Wall Slammer is nasty IV-V rapid, not for the faint of heart. It was at Wall Slammer we lost Bob. The boat pitched down a chute and we all leaned back, and then we glanced off a boulder, which sent us into a spin before slamming into a rock that caused a jolt that pitched Bob into the drink. When a man goes overboard, your adrenaline spikes. If you act fast, you can grab him and haul him back in, but if you miss your chance, he’ll be carried through the rapids on his own.
The rescue is made all the more harrowing by the fact that you must leave your oars at the worst possible moment, as you are careening down the river at a furious pace, boat bucking, water flying, obstacles looming in every direction. If the boat hits a rock while you’re leaning over to haul him in, more people are going in. Then you’re faced with the awful predicament of more people outside the boat than in it.
Jimmy yelled for T.J. and I to keep paddling as he and Nate grabbed Bob under the arms and hauled him up over the gunwale. Bob slithered into the boat and lunged for his oar. We were heading straight for a boulder. Jimmy hollered “All back!” and we started paddling in reverse like madmen. That slowed the boat enough to soften the collision. We bumped the boulder, spun away from it, and entered the channel backwards.
It’s always a little weird to go down a spillway backwards. Your natural tendency is to turn around and have a look, but you realize that if you hit something while you’re turning around you’ll be off balance and thrown in. So you sit looking straight in front of you like a picture of an Indian in a canoe while the boat zooms backwards down the chute. When you finally get the thing turned around again, it’s a great relief. Your heart is racing, sweat is coursing down your brow, and you feel elated.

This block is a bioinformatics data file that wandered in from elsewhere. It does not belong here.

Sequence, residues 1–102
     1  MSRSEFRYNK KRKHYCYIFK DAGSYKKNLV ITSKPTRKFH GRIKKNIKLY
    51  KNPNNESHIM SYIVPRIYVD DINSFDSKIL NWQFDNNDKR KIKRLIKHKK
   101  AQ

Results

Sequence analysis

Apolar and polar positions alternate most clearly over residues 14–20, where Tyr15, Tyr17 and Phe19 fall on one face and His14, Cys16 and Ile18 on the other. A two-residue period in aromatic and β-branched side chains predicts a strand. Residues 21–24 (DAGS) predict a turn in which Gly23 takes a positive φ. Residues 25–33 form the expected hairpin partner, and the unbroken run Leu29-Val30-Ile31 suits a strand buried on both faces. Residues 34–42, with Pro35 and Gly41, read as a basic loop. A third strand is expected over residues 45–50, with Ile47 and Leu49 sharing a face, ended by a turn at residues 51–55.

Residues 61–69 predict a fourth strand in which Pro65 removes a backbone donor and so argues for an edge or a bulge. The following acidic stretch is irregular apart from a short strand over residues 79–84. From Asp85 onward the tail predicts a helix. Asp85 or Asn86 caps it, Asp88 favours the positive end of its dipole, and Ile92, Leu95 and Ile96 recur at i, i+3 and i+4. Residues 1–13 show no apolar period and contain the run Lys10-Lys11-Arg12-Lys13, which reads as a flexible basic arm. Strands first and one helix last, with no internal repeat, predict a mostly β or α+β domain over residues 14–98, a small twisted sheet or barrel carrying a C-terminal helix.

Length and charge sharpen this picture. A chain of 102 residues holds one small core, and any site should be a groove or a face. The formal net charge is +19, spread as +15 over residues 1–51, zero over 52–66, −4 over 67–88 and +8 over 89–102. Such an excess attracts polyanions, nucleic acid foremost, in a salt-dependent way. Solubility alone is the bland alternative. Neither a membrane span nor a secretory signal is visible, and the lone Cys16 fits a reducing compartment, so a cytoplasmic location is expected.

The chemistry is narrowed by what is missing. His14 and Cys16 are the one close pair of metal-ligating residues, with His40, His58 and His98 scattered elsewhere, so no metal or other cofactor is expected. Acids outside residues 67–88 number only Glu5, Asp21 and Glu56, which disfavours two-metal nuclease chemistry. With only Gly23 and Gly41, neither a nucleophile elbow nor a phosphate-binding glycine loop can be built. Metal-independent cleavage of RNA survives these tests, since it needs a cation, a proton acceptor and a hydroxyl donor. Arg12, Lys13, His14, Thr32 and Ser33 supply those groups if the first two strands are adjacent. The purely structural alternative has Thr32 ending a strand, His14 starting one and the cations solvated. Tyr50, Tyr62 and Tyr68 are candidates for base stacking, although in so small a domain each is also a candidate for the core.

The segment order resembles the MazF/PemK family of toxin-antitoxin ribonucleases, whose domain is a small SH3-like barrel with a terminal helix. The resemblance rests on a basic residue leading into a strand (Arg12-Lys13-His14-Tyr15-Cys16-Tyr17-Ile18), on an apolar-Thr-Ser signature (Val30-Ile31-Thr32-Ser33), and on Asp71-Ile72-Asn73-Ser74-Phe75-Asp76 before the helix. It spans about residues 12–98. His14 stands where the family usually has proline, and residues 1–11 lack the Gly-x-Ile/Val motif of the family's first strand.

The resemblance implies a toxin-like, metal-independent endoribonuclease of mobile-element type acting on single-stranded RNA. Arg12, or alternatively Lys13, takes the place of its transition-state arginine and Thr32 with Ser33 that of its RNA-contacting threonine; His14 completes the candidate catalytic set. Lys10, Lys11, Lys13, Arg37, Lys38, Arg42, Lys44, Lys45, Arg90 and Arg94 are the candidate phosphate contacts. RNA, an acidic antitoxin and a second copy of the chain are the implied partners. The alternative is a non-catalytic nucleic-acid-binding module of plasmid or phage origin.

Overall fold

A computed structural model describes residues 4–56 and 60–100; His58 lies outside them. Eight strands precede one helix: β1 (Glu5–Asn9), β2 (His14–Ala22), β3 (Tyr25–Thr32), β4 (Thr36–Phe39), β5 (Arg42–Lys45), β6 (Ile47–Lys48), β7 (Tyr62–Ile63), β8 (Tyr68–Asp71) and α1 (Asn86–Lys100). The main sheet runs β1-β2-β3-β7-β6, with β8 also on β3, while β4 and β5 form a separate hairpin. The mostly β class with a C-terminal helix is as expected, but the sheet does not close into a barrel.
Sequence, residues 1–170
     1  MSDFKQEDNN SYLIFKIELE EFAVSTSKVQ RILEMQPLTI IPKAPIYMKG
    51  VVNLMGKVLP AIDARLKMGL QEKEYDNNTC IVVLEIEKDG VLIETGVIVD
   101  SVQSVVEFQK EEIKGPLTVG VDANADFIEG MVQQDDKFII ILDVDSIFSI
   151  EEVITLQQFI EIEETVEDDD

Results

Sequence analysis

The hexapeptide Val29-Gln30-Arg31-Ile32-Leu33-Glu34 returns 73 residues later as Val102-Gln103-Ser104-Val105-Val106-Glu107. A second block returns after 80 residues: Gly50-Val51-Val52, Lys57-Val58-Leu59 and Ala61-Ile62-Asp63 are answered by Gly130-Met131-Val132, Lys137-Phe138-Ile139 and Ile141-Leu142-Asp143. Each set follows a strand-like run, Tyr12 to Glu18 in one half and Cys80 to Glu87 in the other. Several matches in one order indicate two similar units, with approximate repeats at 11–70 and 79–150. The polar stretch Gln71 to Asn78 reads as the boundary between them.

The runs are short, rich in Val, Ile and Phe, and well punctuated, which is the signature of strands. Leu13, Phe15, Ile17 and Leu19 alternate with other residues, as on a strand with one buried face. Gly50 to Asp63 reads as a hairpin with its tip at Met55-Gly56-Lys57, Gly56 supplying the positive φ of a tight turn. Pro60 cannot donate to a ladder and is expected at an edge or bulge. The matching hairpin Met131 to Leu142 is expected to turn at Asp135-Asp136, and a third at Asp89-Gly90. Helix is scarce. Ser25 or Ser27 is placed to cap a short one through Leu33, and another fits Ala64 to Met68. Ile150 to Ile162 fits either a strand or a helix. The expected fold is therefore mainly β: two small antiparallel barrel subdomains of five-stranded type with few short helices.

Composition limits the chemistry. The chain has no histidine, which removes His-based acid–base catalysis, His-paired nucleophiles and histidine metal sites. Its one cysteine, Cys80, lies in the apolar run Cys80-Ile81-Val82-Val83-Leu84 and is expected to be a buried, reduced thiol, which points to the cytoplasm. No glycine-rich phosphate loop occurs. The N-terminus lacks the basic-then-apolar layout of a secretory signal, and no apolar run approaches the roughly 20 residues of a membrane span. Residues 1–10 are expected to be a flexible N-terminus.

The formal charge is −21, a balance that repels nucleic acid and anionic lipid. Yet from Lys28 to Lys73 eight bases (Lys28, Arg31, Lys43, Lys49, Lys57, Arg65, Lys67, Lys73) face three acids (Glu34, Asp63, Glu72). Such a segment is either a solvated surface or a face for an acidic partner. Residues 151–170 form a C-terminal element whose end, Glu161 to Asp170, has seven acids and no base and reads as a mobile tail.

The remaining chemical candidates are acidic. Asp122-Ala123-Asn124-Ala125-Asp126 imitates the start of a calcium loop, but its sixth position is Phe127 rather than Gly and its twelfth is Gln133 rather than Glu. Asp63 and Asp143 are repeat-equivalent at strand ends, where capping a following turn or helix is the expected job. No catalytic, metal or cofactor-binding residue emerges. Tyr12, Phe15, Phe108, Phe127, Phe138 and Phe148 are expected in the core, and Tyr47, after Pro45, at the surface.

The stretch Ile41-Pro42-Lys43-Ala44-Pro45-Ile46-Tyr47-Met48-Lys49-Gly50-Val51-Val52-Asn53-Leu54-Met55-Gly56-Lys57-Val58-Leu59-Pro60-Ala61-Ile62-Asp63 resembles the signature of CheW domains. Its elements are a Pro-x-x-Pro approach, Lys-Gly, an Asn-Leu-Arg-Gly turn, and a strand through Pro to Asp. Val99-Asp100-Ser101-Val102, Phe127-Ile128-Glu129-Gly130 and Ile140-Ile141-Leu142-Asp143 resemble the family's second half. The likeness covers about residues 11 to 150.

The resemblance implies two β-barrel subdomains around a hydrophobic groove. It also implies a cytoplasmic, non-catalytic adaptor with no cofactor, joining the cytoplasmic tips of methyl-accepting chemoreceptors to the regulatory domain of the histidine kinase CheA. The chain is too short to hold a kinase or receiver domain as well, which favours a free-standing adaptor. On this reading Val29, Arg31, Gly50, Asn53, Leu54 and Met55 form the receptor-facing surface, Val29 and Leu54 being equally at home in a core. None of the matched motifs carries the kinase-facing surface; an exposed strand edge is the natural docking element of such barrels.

The Royal Gorge Bridge
After Wall Slammer, the river threaded its way between 1,200 foot canyon walls. High above us we could see the Royal Gorge Bridge. At 955 feet it’s the highest bridge in the United States, and for 70 years until 2001 it was the highest bridge in the world. The bridge wasn’t built for transportation. It was actually built to be a tourist attraction. The bridge doesn’t really go anywhere, but it affords a fine perch to look down at the river and see the lunatics who are trying to run it.
We picked our way through the remaining rapids: Boat Eater, Lion’s Head and The Pipeline. In the end our flirtation with disaster at Wall Slammer was the highlight of our run, and we were all relieved to have survived it.
After saying goodbye to my boat mates, I was curious, so I went back to my hotel and looked up the class ranking of the final drop-off in the Wolf River rapids in central Wisconsin to compare. That particular stretch of whitewater is called Big Smoky Falls and is graded a solid Class IV, just slightly less than Wall Slammer. It had nearly broken my back, so I had a pretty good idea of what Bob was up against when he got tossed into the river.
As it turned out, I was right about what I had told Gray regarding the class of that rapid, although I didn’t know it at the time. I had just been bullshitting. But now I knew the truth, and the truth was alarming.
If you’re going to do this sort of thing, sometimes it’s better not to know. Sometimes it’s better just to plunge right in.